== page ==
11. Mr Leo’s submissions that the Defendants took into account irrelevant considerations which had no basis in the selection criteria or required qualifications for the position essentially invited the Court to decide between the Claimant and the Interested Party as to who best fit the selection criteria for the position. He submitted that the Claimant has been a longer-term employee in the Climate Division than the Interested Party, that he has all the required skills and qualifications that met the selection criteria, and has more management skills than the Interested Party. Mr Kalsakau submitted that s. 23 of the Public Service Act requires the PSC to consult with the Director and Director General affected before it makes an appointment. The PSC did so and so it has fulfilled the legislative requirements and did not take into account any irrelevant considerations. The Court of course cannot embark on the exercise sought by the Claimant so as to substitute its decision for the PSC’s. Accordingly, this is not a valid ground for judicial review.

12. Mr Leo also submitted that the selection panel was not constituted contrary to the PSSM in that panel member Mr Worwor was of a lower position than the position advertised. Mr Kalsakau submitted that the selection panel was selected in accordance with cl. 2.4 of Chapter 3 of the PSSM which provides that members should be at least equivalent level to the position advertised which all members including Mr Worwor were. Mr Jean Yves Bibi gives evidence of this in his sworn statement. I am satisfied there is no arguable case in relation to the composition of the selection panel.

13. Finally, Mr Kalsakau asserted that there is no evidence of bad faith or bias on the part of any Defendant. I agree.

14. In the circumstances, my answer to the question, “Does the Claimant have an arguable case?” is, “No”.

E. Issue (2): Has there been undue delay in making the claim?

15. Mr Leo submitted that the Claimant filed his claim in July 2019, well within the six months provided by the CPR and so there has not been any undue delay in making the claim.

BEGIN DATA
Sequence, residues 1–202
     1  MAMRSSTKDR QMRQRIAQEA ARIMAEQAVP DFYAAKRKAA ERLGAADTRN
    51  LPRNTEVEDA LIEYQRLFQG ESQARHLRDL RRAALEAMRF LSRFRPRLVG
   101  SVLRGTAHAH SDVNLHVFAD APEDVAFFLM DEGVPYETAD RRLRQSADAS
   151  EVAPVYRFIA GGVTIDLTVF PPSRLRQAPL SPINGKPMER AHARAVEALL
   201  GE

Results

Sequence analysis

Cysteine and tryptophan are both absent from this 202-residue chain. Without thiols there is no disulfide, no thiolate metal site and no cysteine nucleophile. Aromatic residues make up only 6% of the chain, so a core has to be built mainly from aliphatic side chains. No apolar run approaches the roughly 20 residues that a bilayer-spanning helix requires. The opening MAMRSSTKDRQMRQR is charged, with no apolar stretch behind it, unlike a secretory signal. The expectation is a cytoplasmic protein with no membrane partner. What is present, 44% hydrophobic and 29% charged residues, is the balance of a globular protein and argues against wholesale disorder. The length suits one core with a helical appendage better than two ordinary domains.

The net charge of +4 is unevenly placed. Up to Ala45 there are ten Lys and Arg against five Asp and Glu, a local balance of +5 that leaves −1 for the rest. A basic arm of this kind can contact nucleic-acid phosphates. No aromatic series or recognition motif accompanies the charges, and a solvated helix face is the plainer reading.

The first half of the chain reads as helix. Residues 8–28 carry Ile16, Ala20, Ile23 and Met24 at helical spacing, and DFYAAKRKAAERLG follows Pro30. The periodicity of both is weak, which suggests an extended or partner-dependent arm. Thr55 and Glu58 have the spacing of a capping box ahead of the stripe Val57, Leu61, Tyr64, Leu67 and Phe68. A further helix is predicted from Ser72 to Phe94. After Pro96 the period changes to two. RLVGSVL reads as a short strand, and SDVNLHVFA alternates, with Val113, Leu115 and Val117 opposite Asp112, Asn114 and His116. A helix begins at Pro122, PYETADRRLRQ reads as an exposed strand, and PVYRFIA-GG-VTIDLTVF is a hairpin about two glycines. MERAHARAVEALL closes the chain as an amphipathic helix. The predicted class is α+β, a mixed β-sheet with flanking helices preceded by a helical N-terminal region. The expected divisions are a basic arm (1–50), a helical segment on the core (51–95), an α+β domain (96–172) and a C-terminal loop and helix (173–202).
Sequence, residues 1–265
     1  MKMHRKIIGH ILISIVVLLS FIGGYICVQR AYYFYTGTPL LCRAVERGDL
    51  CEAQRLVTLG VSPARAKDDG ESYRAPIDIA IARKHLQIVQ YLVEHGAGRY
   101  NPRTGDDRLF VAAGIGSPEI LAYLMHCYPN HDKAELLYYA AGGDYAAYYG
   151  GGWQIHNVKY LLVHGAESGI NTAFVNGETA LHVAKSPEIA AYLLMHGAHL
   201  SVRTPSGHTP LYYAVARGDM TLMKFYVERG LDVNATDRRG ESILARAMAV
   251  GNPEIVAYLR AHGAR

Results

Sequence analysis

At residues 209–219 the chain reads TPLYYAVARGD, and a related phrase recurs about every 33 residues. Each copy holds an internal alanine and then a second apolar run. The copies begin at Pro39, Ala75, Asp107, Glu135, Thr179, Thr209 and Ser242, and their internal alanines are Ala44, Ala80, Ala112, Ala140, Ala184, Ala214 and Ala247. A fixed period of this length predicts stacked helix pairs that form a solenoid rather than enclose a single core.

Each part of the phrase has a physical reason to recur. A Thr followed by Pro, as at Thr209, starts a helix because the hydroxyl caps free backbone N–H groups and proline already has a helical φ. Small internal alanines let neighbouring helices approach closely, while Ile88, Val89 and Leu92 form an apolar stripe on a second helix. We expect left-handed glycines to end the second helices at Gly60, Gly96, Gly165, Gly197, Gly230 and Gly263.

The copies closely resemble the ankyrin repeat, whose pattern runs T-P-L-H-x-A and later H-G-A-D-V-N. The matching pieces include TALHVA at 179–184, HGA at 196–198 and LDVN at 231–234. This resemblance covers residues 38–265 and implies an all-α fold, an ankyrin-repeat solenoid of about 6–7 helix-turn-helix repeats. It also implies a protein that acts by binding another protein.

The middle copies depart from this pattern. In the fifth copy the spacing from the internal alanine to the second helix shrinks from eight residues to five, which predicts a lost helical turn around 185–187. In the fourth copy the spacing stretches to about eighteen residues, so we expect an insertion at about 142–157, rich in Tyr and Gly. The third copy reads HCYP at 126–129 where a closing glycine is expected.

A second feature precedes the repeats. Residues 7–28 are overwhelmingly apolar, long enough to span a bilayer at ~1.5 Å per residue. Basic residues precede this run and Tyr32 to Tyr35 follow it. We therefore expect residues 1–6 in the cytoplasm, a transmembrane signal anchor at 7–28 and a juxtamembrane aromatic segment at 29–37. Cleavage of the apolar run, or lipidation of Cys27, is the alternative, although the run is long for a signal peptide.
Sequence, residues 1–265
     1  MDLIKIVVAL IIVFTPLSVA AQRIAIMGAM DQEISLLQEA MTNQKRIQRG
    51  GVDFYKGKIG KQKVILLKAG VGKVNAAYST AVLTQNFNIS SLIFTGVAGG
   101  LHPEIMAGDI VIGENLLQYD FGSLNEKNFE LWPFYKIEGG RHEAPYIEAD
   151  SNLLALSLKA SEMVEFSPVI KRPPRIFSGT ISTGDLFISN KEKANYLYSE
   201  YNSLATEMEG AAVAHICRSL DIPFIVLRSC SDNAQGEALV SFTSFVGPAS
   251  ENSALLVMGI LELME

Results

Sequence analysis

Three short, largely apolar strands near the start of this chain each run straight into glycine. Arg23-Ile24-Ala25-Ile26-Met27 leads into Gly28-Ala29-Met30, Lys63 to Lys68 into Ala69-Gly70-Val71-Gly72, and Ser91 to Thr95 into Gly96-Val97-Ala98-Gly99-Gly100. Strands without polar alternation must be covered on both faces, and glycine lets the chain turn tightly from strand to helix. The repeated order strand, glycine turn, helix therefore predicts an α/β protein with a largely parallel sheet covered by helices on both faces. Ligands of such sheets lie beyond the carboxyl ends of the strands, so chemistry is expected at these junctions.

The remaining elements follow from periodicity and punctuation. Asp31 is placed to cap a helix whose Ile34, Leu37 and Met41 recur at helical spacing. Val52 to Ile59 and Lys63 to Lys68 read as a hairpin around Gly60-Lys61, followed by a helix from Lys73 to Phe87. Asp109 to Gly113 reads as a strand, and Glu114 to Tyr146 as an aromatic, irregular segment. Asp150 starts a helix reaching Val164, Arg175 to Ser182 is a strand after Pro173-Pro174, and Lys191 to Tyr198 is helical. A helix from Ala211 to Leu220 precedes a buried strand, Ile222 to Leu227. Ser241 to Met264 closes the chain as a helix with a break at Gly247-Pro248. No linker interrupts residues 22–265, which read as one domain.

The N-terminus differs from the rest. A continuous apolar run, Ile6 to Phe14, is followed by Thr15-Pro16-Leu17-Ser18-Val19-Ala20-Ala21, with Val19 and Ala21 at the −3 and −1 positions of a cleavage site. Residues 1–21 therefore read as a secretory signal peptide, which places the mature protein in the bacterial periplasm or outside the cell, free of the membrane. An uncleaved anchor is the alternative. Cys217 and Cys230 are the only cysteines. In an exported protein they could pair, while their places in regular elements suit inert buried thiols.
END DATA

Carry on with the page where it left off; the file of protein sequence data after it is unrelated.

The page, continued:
16. Mr Kalsakau submitted that the Court must look not just at the time taken to file the claim but also at the prejudice or hardship to the persons affected. This includes the Interested Party with his legally binding contract. The State too would be prejudiced and face substantial hardship as it would have to redo the recruitment process, this would take time and it would possibly face further litigation for breach of contract.

17. I accept the Defendants’ submission. The State and the Interested Party have concluded a legally binding employment contract. The Claimant could have taken earlier steps such as obtaining interlocutory orders to protect his position pending judicial review. He did not. On the facts of this case, my answer to the question, “Has there been undue delay in making the claim?” is “Yes”.

F. Result and Decision

18. In conclusion, I answer each of the issues as follows:

16.1 Does the Claimant have an arguable case? “No.
16.2 Has there been undue delay in making the claim? “Yes.”

19. Accordingly, I am not satisfied about the matters in subrule 17.8(3) and so I must decline to hear the claim and hereby strike it out.

20. Costs follow the event. The Claimant is to pay costs to the Defendants which failing agreement are to be taxed by the Master.

DATED at Port Vila this 23rd day of December 2019

BY THE COURT

………………………………………….
V.M. Trief
Judge